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Articles tagged: data
Data Stories That Aren’t Downers
By Erin KissanePosted on
Last week, ProPublica’s Olga Pierce wrote to the NICAR-L list asking for help putting together a list of “happy data stories” or stories related to the arts, at the request of some of her students.
How to Save DNAInfo/Gothamist Bylines
By Erin KissanePosted on
The owner of the DNAInfo and Gothamist family of local news websites shut the sites down today, which means that not only are all their 115 journalists out of work, but all their bylines—and all the vital information in their years of reporting—is gone.
What We Learned from Staring at Social Media Data for a Year
By Lam Thuy VoPosted on
The things you learn from staring at social media data for a year.
SRCCON Spotlight: Keeping Data Stories Human
By Erin Kissane and William Wolfe-WyliePosted on
One of the SRCCON 2016 sessions that attendees talked about most was “Keeping People at the Forefront of Data Stories,” facilitated by William Wolfe-Wylie and based on his experience working on the CBC News project, “Missing and Murdered: The Unsolved Cases of Indigenous Women and Girls.”
Competition Be Damned
By Erin KissanePosted on
Last Wednesday, the Trump Inaugural Committee’s FEC filing appeared on the FEC site in its horrible hand-delivered image-PDF glory. ProPublica’s Derek Willis noted its arrival on Twitter.
Cleaner, Smarter Spreadsheets Start with StructurePosted on
Make better spreadsheets by thinking about structure, from the beginning.
Notes on Working with Big-ish Data
By Mike StuckaPosted on
I finished a project with a home-built table that was about 16GB, some 60 million rows by 110ish fields. It was…big. Sometimes it was painful. Mostly, though, it worked out, and it got us what I think is a damned good story. Anyway, I think it was Ben Welsh who’d observed something like: We have some good tools to work with Big Data, but not great tools for data that’s not quite so big. I ran into that situation.
How The Chicago Reporter Made ‘Settling for Misconduct’
By Matt Kiefer and Julia SmithPosted on
In researching Settling for Misconduct, we had to account for details from hundreds of county and federal court filings, identify thousands of officers named in civil complaints and tally hundreds of millions of dollars in monetary awards. We also needed thorough reporting to connect issues of police misconduct to fiscal accountability. And oh yeah – we had to have a slick web app to present the data to the public.
What I Learned Recreating One Chart Using 24 ToolsPosted on
Lessons learned from trying to create one chart with as many applications, libraries, and programming languages as possible.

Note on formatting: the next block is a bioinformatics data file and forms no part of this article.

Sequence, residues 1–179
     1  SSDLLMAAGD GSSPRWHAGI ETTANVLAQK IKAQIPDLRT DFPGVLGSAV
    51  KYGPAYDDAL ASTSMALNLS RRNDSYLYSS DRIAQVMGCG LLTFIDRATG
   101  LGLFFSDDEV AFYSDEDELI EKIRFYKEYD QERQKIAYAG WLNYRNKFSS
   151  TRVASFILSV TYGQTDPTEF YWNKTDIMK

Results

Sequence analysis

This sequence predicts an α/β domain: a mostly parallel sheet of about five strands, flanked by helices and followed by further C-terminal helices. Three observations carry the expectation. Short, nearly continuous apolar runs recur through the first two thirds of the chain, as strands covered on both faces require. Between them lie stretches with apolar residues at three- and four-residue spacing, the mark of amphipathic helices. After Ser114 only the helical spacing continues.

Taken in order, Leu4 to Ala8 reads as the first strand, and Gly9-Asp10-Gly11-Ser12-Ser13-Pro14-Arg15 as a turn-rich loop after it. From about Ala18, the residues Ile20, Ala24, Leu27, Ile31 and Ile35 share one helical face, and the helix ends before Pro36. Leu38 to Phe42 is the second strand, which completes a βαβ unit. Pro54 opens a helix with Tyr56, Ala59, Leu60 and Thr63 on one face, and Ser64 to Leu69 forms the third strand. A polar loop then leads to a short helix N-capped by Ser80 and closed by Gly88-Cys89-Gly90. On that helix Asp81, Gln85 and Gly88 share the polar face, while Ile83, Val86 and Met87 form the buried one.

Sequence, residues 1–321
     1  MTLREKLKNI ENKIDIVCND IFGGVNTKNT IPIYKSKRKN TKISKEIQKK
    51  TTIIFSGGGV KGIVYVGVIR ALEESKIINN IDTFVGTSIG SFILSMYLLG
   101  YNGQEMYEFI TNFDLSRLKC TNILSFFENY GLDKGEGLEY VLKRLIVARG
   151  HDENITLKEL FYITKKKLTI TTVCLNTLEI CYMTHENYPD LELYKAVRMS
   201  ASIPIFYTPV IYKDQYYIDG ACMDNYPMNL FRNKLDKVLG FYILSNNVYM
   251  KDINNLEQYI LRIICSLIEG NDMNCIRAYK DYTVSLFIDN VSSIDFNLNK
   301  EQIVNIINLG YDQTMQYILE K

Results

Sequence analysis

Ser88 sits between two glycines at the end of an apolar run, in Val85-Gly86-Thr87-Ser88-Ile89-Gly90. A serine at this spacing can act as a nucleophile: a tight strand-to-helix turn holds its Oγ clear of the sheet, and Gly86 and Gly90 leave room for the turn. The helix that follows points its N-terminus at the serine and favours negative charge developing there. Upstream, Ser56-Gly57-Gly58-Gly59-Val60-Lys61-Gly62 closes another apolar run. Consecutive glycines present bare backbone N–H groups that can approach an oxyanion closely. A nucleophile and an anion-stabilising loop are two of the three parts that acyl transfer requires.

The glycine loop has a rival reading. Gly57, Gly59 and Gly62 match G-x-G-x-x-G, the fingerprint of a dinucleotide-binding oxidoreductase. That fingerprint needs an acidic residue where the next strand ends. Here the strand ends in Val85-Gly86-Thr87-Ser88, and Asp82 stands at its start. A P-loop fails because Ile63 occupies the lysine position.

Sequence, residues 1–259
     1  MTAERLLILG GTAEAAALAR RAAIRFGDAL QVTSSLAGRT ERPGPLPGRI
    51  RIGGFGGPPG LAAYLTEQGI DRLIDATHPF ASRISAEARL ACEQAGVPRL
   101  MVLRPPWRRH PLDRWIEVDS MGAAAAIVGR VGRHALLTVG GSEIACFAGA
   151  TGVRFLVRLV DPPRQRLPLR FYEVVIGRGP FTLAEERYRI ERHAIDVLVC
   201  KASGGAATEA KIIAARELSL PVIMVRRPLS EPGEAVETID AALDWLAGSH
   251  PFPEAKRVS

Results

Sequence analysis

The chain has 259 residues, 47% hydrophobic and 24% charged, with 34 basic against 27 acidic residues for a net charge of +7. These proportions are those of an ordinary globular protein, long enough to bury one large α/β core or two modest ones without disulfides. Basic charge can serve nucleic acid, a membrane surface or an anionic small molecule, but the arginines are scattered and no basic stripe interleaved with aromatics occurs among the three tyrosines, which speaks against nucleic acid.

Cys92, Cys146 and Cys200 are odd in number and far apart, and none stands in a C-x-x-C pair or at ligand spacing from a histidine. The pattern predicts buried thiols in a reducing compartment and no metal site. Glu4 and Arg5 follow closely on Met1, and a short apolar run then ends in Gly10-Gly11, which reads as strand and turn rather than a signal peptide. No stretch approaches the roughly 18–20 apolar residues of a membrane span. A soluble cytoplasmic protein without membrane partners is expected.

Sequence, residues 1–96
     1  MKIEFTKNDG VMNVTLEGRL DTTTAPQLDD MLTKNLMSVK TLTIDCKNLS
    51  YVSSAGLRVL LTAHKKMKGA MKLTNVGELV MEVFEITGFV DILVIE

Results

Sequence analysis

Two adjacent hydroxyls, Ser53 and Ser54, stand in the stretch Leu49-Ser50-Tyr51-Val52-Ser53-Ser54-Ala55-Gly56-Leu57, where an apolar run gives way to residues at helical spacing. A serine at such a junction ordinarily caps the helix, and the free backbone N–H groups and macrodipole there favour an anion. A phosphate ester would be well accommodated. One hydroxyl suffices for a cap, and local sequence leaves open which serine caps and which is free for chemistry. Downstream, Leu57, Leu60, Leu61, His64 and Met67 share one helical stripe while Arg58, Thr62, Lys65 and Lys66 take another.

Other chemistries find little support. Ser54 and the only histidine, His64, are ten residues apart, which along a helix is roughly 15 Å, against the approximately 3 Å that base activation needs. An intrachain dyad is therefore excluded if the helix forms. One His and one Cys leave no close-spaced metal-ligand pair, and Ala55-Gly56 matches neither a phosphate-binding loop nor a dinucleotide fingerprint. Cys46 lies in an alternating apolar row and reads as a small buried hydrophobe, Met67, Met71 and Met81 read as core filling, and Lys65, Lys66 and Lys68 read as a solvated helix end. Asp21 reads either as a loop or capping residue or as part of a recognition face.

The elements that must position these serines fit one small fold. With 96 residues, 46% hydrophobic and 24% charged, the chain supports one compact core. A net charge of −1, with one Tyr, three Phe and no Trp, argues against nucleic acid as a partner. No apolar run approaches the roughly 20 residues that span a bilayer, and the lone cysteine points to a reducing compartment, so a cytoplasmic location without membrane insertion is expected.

Introducing Elex, a Tool to Make Election Coverage Better for Everyone
By Jeremy Bowers and David EadsPosted on
“End the elections arms race” has become a rallying cry in American data journalism. Many newsrooms spend tremendous resources writing code to simply load and parse election data. It’s time we stopped worrying about the plumbing and started competing on the interesting parts. We decided it was time we put some code against our beliefs – our contribution is a tool we’re calling Elex. And it needs your help, too.
Introducing agate: a Better Data Analysis Library for JournalistsPosted on
Meet agate, a Python data analysis library optimized not for performance, but for the performance of the human who is using it. That means focusing on designing code that is easy to learn, readable, and flexible enough to handle any weird data you throw at it. Here’s why you should try it.
Tracking Amtrak 188Posted on
How curiosity and tinkering let Al Jazeera America publish historical data for a derailed train’s route without Amtrak’s cooperation.
By Ed SummersPosted on
Sometimes you write a piece of software and it gets used for purposes you didn’t quite imagine at the time. Sometimes you write a piece of software and it unexpectedly rearranges your life.
Consider the Boolean
By Jacob HarrisPosted on
The challenge of using binary data structures in a complicated world.
Understanding Households and Relationships in Census DataPosted on
The Census Bureau’s population counts make trends in household makeup easy to track. All you need are two things: an understanding of how the Census asks Americans about households and relationships, and where to find the right tables amid the haystack of tabulations. That’s what this post aims to help you with.
By Derek WillisPosted on
Derek Willis breaks down the three stages of scraping (denial, annoyance, and acceptance) while confronting the election-results form from hell.
Marriage Data: It’s Complicated
By D’Vera CohnPosted on
D’Vera Cohn on everything you ever wanted to know about marriage data, but were afraid to ask.
Everything You Ever Wanted to Know About Elections Scraping
By Jeremy B. Merrill and Ken SchwenckePosted on
Jeremy Merrill and Ken Schwencke explore the fine art of anticipating and catching errors while wrangling the eccentricities of US elections data.
The Census of Governments Has Your Number
By Mike MaciagPosted on
Michael Maciag’s walk-through of this under-utilized goldmine.
Finding Stories in Census DataPosted on
Emily Alpert Reyes on how to find promising needles in Census haystacks.